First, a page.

Access to the frontage of the site itself is important too, as concrete trucks have limited turning radius and the use of mini trucks or safety measures such as traffic control (when entering site from main arteries for example) may be required to ensure safe delivery, all bearing additional costs.

The key steps to try and keep the accessibility related costs as low as possible all lie in thorough upfront planning, preparation, and disclosure: if the Sydney Water constructors need to remove trees, or existing slabs or footings preventing them to start the actual excavation works early in the morning, they may need to delay the pouring of the concrete later in the day, which would delay the curing of concrete and may require to allow extra resources to secure the area overnight and come back to backfill the trench at a later date. Having your builder preparing the site with accessibility for the Sydney Water accredited constructor in mind, and carrying out the demolition works (if any pre-existing structures) prior to the encasement of the sewer will often result in savings. This is mostly due to builders generally committing longer term resources to their projects, hence being more flexible with organization and labour affectations for access preparation steps than Sydney Water specialized constructors (it makes sense if you think about why would one pay a pipe laying specialist to prune large trees or break large lumps of concrete!). Careful planning with your builder, and upfront discussion with the Sydney Water constructors that have project management resources (note that not all constructors have office based employees available to assist with the preparation stages) will probably help heaps here.

What I called “disclosure” in the previous paragraph again relates to giving the estimators the most complete information you can (so you do not end up paying their “risk” allowance for assumed poor working conditions): if your site has currently poor accessibility for some reason, but you plan to demolish the existing structures, remove trees or branches as part of your landscaping plans, or if you do have the opportunity to arrange the use of the driveway next door to provide access to your backyard, I would recommend to make sure you let them know.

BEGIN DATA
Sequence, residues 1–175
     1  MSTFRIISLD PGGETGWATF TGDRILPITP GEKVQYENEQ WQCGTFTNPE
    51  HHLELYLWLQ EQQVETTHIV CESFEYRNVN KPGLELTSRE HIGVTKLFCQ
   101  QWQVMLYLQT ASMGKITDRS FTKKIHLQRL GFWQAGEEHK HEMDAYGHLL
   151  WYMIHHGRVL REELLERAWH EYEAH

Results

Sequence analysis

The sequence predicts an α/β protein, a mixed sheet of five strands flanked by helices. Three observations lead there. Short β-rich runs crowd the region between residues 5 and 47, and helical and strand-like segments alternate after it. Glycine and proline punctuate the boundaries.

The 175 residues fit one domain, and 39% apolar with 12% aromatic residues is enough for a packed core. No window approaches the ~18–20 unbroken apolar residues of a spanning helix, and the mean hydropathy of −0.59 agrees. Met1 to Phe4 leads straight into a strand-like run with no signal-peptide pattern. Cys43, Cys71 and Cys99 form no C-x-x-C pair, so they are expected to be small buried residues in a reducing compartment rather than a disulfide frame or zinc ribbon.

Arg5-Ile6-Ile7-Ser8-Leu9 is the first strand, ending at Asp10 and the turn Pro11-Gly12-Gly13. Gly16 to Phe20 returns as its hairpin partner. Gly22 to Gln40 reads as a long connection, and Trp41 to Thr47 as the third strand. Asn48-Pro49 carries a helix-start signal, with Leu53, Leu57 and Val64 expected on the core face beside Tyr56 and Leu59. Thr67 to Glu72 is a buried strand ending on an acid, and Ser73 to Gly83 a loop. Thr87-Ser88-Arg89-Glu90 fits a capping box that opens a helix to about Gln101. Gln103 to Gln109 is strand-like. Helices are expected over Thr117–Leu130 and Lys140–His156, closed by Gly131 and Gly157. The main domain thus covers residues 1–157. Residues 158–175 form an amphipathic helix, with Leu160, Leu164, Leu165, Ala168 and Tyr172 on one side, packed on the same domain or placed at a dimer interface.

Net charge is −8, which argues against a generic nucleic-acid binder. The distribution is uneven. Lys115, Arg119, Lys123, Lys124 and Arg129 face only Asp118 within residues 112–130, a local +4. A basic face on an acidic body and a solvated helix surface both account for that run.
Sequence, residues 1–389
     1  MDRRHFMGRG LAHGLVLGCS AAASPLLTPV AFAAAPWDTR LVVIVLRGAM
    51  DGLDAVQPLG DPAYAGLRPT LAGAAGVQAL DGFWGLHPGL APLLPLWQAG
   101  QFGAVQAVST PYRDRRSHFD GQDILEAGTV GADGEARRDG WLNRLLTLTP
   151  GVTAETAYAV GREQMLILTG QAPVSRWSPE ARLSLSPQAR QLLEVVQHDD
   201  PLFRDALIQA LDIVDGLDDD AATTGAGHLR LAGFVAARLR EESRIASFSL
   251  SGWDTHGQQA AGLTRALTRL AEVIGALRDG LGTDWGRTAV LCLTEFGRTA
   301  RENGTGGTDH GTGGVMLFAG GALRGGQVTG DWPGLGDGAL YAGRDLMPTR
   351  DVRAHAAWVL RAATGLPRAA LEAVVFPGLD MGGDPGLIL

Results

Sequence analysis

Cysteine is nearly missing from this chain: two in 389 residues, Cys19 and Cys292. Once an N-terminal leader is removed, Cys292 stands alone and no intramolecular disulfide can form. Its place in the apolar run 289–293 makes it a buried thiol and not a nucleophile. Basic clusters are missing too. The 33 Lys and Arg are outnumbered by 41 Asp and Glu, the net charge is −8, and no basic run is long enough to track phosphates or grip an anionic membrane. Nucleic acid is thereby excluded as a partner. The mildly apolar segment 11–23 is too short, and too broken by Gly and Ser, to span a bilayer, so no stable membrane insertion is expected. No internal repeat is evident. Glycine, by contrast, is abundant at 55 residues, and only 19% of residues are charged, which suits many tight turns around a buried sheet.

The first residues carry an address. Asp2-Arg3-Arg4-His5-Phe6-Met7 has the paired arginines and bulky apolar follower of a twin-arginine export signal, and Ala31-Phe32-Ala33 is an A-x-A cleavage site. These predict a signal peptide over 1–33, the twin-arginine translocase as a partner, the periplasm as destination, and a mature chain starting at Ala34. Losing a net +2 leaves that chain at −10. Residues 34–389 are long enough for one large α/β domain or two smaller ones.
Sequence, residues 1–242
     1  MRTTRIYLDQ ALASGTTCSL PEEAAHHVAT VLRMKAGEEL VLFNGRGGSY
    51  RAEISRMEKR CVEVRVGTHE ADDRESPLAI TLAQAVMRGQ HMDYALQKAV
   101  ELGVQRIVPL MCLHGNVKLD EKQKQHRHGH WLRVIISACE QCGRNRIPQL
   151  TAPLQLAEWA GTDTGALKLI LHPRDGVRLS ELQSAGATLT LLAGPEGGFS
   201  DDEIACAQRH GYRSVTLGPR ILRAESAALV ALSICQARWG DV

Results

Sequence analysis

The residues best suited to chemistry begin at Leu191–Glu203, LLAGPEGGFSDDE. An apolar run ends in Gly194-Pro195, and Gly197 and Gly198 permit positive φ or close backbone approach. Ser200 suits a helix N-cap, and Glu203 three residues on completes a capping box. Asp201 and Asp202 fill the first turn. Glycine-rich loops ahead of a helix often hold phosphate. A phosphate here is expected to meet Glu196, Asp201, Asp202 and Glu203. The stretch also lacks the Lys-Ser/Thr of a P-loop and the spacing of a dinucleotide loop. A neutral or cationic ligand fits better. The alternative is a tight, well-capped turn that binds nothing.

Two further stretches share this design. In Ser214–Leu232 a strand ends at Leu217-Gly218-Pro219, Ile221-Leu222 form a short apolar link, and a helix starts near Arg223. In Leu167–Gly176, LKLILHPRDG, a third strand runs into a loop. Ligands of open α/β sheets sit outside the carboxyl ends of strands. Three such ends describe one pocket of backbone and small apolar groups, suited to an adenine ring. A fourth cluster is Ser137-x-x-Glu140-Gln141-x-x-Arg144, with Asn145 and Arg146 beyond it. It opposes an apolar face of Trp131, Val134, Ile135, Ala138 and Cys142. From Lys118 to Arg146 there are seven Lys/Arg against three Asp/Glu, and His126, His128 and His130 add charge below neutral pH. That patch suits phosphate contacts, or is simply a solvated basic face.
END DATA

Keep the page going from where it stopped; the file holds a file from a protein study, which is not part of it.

Generally speaking, if you plan to make any efforts to get the sewer encasement project easier for the Sydney Water accredited constructors, be sure that they know about it so they can offer better pricing options. A frank communication approach works even though your site has specific complexities, as having an open discussion (ideally on site) with the constructors prior to mobilization of their crews will often avoid the annoying delays and uncomfortable variations in costs that can arise when the works have not been prepared with full knowledge of all the required details. For this reason, I recommend to let the estimators know about any known site difficulty upfront so they can plan for them and will not add last minute extra costs to your project.

5. Pipe nature

It is quite obvious that the size (nominal diameter, DN) of the pipe to be encased is a required information for site preparation and ordering materials and fittings. However its impact on the price of a sewer encasement project is mostly due to the indirect implications of a bigger sized pipe rather than major difference in pipe supplies pricing. There is an extra cost of about $30 per 3m length for the supply of DN300mm PVC pipes versus DN150mm ones: this is not a very impacting. What affects the price much drastically is the fact that larger pipes need to be installed in wider trenches, using wider buckets, bigger excavators (or additional labour to compensate for low efficiency of smaller excavators), hence generating more excess spoil and thus adding to the overall cost. Works on larger pipes sometimes also require specific flow management procedures (instead of the generic inflatable plugs and/or by-pass plugs with lay flat hoses used to work during non-peak hours) that could end up being costly and time consuming. Note that it is sometimes permitted to concrete encase large assets (such as pipes larger than DN300mm, brick oviforms, or sewer trunks) under a major works process. This process is usually not economically viable for the smaller developers and I would generally recommend trying and avoid having to concrete encase them if possible at all.